How children can take over
Hosting a dinner party
Putting on a really good dinner party can be great fun and very rewarding. Children can try their hand at:
– Choosing the food and designing a menu
– Deciding who’s invited and putting together a guest list
– Staffing their kitchen and dining room (who will be the sous chef and who will set the table?).
– Choosing the decor, music and lighting.
Teaching the family something new
This is a great opportunity for talented children to teach the older among us something new. Try running a skill share and encourage children to teach adults:
-Their best skill – whatever it might be
-Their favourite thing they’ve learned in school that week
-Their favourite game or activity
Giving the family a makeover
Let the children be the family stylists for a day. Let them choose what everyone wears as well as makeup and accessories.
If you’re brave enough, you could even all go out afterwards to show off your new style to the world.
Give the house a makeover
It doesn’t have to be Christmas to put up decorations. Try encouraging children to make decorations for their rooms or the whole house.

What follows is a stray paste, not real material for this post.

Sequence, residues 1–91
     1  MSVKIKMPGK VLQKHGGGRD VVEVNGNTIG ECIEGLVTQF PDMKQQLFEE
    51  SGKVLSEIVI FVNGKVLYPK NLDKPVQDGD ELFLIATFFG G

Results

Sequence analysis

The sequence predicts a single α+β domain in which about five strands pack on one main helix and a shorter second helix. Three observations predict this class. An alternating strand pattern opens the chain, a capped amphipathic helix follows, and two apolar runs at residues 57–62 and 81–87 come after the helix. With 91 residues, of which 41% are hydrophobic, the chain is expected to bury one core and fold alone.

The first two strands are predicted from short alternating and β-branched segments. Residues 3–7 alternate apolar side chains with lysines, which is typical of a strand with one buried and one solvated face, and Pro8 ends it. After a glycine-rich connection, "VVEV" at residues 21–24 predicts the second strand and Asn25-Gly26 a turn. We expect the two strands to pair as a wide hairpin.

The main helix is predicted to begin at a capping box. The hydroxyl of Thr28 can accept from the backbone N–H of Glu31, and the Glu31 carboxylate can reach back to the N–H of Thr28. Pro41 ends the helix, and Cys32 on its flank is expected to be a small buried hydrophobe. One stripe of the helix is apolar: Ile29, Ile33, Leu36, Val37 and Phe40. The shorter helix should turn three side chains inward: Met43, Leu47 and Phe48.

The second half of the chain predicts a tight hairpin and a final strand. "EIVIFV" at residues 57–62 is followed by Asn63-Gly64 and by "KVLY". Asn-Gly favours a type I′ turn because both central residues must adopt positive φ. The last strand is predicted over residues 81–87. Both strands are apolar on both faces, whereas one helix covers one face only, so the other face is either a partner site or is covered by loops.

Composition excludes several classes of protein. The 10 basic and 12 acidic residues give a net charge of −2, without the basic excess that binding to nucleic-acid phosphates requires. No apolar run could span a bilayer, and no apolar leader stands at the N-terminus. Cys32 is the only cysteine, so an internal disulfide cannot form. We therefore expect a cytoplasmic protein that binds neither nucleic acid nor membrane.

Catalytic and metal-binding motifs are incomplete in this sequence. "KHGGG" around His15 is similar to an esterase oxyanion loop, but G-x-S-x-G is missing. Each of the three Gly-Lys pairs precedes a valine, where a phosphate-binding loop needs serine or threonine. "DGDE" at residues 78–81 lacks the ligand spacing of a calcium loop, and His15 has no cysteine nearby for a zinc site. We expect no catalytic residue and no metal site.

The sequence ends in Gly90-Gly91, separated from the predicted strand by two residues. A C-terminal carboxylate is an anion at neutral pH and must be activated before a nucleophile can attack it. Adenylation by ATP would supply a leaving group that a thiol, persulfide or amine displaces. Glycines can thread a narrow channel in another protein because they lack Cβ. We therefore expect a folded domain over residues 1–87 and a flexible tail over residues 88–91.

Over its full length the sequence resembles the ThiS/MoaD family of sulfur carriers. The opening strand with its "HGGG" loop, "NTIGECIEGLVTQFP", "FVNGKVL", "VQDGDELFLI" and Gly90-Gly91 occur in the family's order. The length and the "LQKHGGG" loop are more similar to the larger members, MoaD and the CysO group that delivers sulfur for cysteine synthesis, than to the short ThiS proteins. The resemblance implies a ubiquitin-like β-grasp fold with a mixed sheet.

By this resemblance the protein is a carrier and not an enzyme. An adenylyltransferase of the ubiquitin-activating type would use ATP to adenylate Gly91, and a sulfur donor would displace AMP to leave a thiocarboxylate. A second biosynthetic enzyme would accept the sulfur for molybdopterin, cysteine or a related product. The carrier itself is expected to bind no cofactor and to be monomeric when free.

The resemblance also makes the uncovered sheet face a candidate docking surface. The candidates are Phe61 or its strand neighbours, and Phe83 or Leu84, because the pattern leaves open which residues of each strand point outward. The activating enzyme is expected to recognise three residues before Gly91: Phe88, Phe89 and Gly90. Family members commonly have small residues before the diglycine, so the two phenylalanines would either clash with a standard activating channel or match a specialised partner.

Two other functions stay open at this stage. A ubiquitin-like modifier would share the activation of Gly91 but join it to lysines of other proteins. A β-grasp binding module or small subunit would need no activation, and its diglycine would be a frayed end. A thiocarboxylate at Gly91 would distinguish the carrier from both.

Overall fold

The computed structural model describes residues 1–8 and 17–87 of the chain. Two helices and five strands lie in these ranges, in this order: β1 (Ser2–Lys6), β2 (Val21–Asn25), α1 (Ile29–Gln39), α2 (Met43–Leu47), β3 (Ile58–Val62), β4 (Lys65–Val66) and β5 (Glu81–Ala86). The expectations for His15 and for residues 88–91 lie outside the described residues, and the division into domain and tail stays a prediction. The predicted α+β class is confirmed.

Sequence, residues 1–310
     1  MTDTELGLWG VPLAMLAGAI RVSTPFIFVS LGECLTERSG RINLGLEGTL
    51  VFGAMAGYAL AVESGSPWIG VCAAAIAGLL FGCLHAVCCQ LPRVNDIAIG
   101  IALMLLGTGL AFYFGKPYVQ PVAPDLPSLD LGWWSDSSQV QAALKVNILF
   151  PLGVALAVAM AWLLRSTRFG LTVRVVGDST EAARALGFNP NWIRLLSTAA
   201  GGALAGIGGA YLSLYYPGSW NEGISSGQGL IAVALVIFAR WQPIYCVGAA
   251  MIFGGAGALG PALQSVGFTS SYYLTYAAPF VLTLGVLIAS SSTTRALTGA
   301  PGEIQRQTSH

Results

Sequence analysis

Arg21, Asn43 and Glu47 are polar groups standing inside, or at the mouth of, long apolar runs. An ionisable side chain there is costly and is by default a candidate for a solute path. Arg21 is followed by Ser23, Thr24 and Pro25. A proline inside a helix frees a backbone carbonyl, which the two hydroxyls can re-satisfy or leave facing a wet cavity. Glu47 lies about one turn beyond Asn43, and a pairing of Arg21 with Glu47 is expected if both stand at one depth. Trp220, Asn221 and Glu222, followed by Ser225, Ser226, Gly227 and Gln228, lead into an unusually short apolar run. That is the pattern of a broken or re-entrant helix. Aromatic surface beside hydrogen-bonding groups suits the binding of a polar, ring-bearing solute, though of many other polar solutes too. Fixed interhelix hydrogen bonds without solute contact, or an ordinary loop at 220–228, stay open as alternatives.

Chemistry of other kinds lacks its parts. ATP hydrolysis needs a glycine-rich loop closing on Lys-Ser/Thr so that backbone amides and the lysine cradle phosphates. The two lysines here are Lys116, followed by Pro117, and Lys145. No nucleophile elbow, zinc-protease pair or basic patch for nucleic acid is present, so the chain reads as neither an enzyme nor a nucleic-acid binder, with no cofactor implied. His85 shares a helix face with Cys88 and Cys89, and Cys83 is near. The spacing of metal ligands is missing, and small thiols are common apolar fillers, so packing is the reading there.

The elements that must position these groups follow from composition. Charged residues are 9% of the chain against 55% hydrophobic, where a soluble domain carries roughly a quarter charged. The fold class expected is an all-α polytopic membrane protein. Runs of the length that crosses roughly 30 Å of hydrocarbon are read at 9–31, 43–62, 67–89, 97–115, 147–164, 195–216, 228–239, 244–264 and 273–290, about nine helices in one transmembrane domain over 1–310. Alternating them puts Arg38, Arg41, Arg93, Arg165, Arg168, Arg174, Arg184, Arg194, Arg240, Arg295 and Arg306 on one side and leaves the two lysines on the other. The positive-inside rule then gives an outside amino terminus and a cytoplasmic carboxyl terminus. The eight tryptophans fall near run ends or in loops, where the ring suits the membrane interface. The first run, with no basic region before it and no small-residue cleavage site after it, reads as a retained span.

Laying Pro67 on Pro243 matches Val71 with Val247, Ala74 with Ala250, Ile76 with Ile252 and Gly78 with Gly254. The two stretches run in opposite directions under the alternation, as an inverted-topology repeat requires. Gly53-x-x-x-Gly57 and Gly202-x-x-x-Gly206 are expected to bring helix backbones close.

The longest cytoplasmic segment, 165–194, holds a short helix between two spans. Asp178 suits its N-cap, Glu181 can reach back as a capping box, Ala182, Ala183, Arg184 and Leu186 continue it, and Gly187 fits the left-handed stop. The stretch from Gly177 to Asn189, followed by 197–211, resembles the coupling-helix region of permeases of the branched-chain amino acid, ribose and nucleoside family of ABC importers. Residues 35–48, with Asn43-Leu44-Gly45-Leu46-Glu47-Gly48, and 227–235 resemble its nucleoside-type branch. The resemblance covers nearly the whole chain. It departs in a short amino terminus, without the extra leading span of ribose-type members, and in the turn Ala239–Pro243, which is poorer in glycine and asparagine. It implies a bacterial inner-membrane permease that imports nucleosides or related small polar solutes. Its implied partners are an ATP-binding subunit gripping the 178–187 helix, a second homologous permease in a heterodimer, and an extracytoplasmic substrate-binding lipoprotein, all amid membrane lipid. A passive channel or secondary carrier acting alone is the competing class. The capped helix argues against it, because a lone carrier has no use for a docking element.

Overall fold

Or they could take over a room for the day, rearrange the furniture or build a den.
Taking over the entertainment for a night
This family’s got talent! Turn off the TV for the night and have the children put on a show. Singing, dancing, acting, comedy or a full variety, you can leave it up to them. You could even help them make tickets and a programme.
Leading an adventure
For the adventurous. Allow your children to lead an expedition into the wild. They could:
-Take the family on a walk, day or night
-Build a camp or den for everyone
-Build, and cook on, a campfire
At Unicef, we’re working with children, not just for them
Children’s rights are the foundation of everything we do at Unicef. At the heart of that is their right to be heard. All children and young people have the right to a say in matters that affect them and to have their views taken seriously.
In order to participate meaningfully in the lives of their families and communities, children need support and opportunities for involvement. They need information, a space to express their views and the opportunity to ask questions.